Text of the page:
Dr. Abdel-Wareth and her colleague Imran Mirza, MBBS, MS, FCAP, the Chief of Pathology and Laboratory Medicine, said checklists were a helpful part of a larger, multi-step process to achieve accreditation.
After beginning with proficiency testing (PT) and CAP checklists, the Abu Dhabi laboratory then formed a steering committee of pathology and laboratory leadership to oversee the undertaking—ultimately undergoing a peer audit.
“We implemented action plans based on the audit report and continued the improvement journey,” said Dr. Abdel-Wareth, stressing that quality must be consistently assessed and monitored.
The CAP updates its checklists annually to keep up with advances in practices and technology. Developing fields like next-generation sequencing (NGS) especially need expert monitoring.
“The innovation in laboratory medicine is set to ‘fast-forward,’” said Driscoll. “Even publishing annually, we feel the pressure to stay current.”
In addition to modifying checklists, requiring consistent use of CAP PT is an indispensable risk mitigation strategy to ensure that CAP-accredited laboratories consistently fulfil accreditation requirements.
An error or deviation in one area of a laboratory calls into question the reliability of the tests done in another, according to Driscoll. The combination of CAP accreditation and PT are key components for laboratories looking for a comprehensive approach to high-quality laboratory medicine for patients.
“When a patient is being tested for cancer, one piece of data isn’t going to make the diagnosis,” said Driscoll. “It’s the big picture: You look at tissue, cell counts, protein markers, and have tests performed on many different benches.”
Laboratory directors and pathologists around the world agree that the ultimate goal of laboratory accreditation is better results for the patient.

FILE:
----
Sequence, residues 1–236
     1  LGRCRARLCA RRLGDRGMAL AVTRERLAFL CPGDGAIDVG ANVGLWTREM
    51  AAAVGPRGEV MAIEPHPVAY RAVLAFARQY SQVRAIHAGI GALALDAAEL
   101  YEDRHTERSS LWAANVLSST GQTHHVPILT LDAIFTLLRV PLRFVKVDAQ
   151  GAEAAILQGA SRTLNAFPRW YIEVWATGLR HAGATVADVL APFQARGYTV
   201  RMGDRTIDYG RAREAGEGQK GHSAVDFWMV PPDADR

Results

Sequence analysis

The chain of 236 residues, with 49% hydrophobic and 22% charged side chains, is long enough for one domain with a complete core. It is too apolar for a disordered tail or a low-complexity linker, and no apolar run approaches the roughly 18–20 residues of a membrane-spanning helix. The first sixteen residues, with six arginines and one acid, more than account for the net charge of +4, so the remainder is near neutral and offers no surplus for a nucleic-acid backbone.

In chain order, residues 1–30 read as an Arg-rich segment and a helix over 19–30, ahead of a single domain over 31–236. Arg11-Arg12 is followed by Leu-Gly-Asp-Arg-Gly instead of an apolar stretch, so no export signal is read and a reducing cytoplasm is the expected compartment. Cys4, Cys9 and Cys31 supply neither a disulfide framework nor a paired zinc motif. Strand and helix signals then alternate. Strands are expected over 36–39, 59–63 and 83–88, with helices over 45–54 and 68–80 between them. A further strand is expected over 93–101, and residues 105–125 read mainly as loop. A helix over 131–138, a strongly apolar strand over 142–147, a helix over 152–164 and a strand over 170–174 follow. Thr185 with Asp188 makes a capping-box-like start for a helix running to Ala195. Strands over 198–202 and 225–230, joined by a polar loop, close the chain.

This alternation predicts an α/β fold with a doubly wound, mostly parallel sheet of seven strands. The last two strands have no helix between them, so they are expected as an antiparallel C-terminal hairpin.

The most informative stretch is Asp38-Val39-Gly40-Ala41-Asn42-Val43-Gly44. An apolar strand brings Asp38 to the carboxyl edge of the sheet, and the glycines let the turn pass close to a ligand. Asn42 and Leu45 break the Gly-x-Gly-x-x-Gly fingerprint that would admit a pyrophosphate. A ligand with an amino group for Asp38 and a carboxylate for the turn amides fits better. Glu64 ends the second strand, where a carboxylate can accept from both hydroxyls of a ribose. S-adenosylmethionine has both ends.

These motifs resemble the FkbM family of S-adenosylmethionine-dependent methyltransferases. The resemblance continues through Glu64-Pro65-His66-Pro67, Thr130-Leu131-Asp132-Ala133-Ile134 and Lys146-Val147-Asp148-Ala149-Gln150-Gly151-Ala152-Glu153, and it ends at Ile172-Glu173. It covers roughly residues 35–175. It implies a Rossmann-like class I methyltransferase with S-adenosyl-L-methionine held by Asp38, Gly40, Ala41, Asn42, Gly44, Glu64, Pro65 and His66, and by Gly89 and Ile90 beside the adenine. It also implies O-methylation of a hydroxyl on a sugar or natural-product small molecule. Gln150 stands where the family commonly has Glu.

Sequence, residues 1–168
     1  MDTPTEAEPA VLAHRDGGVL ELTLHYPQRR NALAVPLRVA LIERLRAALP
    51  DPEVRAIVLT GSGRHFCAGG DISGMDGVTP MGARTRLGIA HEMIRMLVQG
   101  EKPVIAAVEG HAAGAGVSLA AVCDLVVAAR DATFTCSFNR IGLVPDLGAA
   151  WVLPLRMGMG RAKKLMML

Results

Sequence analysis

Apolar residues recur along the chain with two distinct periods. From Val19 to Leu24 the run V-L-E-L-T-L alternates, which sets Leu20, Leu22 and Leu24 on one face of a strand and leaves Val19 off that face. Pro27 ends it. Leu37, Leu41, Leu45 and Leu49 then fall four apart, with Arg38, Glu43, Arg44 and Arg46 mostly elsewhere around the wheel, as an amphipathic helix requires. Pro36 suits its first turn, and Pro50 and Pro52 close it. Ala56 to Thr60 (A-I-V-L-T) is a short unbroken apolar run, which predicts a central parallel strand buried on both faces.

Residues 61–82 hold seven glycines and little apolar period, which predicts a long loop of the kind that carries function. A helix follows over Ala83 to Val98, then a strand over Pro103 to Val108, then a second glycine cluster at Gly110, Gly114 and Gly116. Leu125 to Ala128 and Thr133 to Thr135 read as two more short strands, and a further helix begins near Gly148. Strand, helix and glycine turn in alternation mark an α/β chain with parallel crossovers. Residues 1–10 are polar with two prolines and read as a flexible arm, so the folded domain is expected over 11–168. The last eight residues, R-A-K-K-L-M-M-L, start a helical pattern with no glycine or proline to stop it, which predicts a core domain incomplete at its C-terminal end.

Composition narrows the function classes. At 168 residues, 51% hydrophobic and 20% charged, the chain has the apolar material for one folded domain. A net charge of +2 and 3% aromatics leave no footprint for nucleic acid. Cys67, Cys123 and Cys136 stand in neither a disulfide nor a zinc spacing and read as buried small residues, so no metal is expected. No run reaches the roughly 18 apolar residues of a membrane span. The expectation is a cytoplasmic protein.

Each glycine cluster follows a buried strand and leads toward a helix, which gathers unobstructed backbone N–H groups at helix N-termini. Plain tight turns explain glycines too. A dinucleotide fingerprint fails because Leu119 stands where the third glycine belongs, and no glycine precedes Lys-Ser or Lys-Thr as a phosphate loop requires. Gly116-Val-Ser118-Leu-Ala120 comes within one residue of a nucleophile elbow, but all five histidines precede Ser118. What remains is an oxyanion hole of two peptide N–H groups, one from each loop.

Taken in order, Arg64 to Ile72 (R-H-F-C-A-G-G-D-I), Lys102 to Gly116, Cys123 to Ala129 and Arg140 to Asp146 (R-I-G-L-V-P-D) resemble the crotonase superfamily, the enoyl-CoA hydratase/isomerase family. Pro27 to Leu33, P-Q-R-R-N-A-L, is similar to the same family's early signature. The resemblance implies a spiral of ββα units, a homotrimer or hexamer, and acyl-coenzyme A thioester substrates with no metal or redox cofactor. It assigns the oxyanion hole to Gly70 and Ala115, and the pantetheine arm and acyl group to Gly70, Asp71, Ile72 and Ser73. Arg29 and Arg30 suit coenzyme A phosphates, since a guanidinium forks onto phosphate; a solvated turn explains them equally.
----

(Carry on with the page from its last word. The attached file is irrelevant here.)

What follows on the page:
“We have an integral role to play,” said Dr. Han. “We show our value every day by being involved and speaking up for the patient.”
Basel Altrabusi, MD, chief medical officer at National Reference Laboratory (NRL) in Abu Dhabi said the yearly review required by CAP accreditation keeps the laboratory and its staff at their best, ultimately for the good of the patient. NRL has pursued CAP accreditation for all six of its owned or managed laboratories in the UAE.
“Laboratory accreditation enhances the quality of healthcare for patients through the reduction of testing errors, which improves performance inside the laboratory and has a positive effect on the performance of other services in the healthcare system as a whole,” said Dr. Altrabusi.
CAP leaders in the US have also offered their support to international laboratories seeking accreditation and improving patient care.
“We admire the ambition among healthcare and laboratory leaders to develop the UAE as an enticing healthcare destination,” Dr. Jhaveri said. “We want to apply the same standards for quality worldwide, because all patients deserve the same level of care no matter where they live.”